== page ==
Book review: ‘YouTubers’ by Chris Stokel-Walker
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Journalist Chris Stokel-Walker really understands the influence and madness of YouTube in a way that few ‘grown-ups’ seem capable of.
YouTube, according to Chris Stokel-Walker, is a “kaleidoscope of visual and audio content that mimics the richness, quirkiness, beauty, and madness of human life”. In less than 15 years, the site has become the second most visited in the world. In the process, it has spawned its own communities, culture, celebrities, and a sector of employment which – if survey results are to be believed – is the most desired among school students today.
Stokel-Walker manages to tell the story behind this fast-moving and chaotic entity by dividing ‘YouTubers: How YouTube Shook Up TV and Created a New Generation of Stars’ (Canbury Press, £20, ISBN 9781912454211) into semi-standalone feature-like chapters rather than adhering strictly to chronology.
Key to YouTube’s success, he writes, is 'The Algorithm': the deep neural networks sifting through every user’s data to recommend the videos that most appeal to them, resulting in watch time on YouTube growing twenty-fold since its introduction. Stokel-Walker compares The Algorithm to the secretive Coca-Cola recipe or KFC spice mix.
The Algorithm may be every bit as irresistible as Coca-Cola and KFC, but it is also running dangerously out of control. The Algorithm was exploited on the YouTube Kids app to promote bizarre and disturbing videos mimicking popular content, while polarising videos by conspiracy theorists and extremists are frequently boosted, inadvertently leading viewers down radicalising clickholes. This problem is aggravated by YouTube's slowness to adopt clear policies on ‘borderline’ inappropriate content like far-right conspiracy theories.
“Social media has allowed such sowers of unreliable or hateful material to connect with previously isolated disgruntled individuals,” Stokel-Walker writes. He suggests that the vast social separation between the engineers managing the YouTube algorithm and the people watching this content could be a problem: do the engineers fail to recognise this content as a credible threat?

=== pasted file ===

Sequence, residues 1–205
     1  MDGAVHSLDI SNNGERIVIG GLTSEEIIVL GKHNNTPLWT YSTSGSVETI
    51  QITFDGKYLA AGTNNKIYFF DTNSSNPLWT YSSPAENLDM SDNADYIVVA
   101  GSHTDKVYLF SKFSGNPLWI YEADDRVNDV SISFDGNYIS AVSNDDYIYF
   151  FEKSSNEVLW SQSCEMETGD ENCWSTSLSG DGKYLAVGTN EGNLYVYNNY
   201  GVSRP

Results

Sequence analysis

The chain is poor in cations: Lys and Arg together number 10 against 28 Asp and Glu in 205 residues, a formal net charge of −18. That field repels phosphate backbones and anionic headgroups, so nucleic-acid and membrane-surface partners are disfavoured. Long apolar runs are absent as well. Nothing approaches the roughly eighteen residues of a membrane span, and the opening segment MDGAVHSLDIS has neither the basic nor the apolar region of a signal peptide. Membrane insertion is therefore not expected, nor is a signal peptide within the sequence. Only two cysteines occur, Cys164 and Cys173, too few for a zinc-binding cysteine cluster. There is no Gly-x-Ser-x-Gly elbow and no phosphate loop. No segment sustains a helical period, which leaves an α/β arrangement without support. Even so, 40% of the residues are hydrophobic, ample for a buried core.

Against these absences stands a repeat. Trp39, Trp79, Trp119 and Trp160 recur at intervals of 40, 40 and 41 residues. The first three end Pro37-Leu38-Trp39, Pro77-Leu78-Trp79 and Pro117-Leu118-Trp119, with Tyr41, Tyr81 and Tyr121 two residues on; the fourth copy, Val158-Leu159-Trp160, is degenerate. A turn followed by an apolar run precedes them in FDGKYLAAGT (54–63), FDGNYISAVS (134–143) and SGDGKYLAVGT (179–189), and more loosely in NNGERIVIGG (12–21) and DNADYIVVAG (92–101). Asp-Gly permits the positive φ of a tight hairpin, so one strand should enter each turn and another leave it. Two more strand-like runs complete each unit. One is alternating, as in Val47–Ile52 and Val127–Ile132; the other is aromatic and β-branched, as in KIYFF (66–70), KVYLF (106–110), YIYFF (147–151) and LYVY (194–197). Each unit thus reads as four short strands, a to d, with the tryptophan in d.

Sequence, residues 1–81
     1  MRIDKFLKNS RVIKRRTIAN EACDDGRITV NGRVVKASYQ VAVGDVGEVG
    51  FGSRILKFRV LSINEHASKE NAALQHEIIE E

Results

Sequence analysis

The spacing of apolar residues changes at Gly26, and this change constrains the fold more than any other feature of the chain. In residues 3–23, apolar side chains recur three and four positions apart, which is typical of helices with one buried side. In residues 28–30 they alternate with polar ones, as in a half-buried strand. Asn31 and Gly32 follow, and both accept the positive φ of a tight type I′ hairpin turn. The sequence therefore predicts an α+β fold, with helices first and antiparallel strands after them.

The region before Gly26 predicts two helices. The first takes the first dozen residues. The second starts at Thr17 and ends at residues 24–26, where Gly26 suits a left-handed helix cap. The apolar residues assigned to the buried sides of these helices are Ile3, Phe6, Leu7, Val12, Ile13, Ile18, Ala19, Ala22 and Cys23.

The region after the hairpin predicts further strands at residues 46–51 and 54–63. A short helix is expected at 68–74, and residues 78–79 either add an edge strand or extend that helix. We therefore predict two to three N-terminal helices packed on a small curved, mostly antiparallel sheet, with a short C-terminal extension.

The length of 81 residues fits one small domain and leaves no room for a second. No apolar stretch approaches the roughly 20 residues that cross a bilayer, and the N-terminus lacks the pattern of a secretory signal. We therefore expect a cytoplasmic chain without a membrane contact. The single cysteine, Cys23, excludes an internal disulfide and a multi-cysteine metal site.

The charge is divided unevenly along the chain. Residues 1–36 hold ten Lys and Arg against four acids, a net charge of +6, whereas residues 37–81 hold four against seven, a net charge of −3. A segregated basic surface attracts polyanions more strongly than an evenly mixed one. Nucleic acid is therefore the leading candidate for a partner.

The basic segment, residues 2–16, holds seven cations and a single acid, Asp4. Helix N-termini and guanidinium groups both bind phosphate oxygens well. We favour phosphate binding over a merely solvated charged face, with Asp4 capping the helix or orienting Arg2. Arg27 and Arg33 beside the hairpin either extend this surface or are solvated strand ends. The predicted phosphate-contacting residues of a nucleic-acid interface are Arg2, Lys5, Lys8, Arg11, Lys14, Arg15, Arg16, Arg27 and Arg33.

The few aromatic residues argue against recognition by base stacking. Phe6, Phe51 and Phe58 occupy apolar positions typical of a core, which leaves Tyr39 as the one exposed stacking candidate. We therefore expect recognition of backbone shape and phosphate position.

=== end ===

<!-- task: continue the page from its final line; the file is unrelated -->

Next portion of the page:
Stokel-Walker also dives into the sides of YouTube that are shaping culture, business, and behaviour in unpredictable (if not always dangerous) ways. He takes the reader on a whistle-stop tour of the hyper-consumerism encouraged by ‘haul’ videos, the extreme stunts, the mean-minded pranks, and the mostly-manufactured drama between YouTube celebrities. In one memorable chapter, Stokel-Walker discusses the commodification of ‘authenticity’ in the context of parasocial relationships, and proposes that Hollywood stars like Jennifer Lawrence are starting to make use of YouTube-style techniques to appear as open, accessible and relatable as YouTube creators.
“Authenticity (or at least the semblance of it) is the glue that binds YouTubers and fans together more powerfully than the traditional relationship between Hollywood stars and their fans,” he writes. “It’s the essential commodity of YouTube, even if imbued by someone very different.”
While much of what draws people to YouTube is authenticity and a DIY attitude, the platform is transforming into yet another of the top-down corporate entities to which it once offered an alternative. Creators struggle to support themselves on ad revenue alone, forcing them to flog merchandise and ask for direct donations through Patreon. Meanwhile, YouTube has been taking on competitors such as Amazon Prime and Netflix by commissioning its own content. YouTube’s ‘Rewind 2018’ – which gave prominence to stars like Will Smith over creators like PewDiePie – was a “lightning rod of popular opposition to the way in which YouTube has changed,” Stokel-Walker says. “YouTube viewers love their home-grown stars, and Will Smith is categorically not a home grown star. It all comes down to the creator-viewer relationship and the parasocial element behind it.”
Stokel-Walker concludes that: “If you take your hands off the wheel, the site’s algorithm dangerously veers off into the realm of fake far-right conspiracy theories. It is an engine of unabashed, environmentally destructive consumerism. Until recently, parts of its comment sections have been co-opted as an unchecked forum for child abuse rings.”
‘YouTubers’ feels like both a love letter to and critique of the platform. Stokel-Walker’s explanation of the language, communities, cultures, and celebrities of YouTube (which Gen Z has an innate understanding of) is combined with just the right amount of academic and investigative content. YouTube is such a spiralling, mad mess of a platform that it must be a challenge to write about coherently, but Stokel-Walker has managed it. In particular, I would recommend YouTubers to confused parents and all journalists too old to qualify for a Young Person's Railcard.
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